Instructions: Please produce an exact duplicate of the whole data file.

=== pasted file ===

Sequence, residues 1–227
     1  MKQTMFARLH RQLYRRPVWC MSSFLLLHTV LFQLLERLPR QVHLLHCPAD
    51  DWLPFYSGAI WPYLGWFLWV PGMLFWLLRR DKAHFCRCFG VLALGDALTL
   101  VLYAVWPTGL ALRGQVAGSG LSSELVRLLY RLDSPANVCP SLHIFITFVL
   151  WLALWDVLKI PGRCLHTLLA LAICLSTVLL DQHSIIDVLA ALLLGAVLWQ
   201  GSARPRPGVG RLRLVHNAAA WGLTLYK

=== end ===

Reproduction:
Sequence, residues 1–227
     1  MKQTMFARLH RQLYRRPVWC MSSFLLLHTV LFQLLERLPR QVHLLHCPAD
    51  DWLPFYSGAI WPYLGWFLWV PGMLFWLLRR DKAHFCRCFG VLALGDALTL
   101  VLYAVWPTGL ALRGQVAGSG LSSELVRLLY RLDSPANVCP SLHIFITFVL
   151  WLALWDVLKI PGRCLHTLLA LAICLSTVLL DQHSIIDVLA ALLLGAVLWQ
   201  GSARPRPGVG RLRLVHNAAA WGLTLYK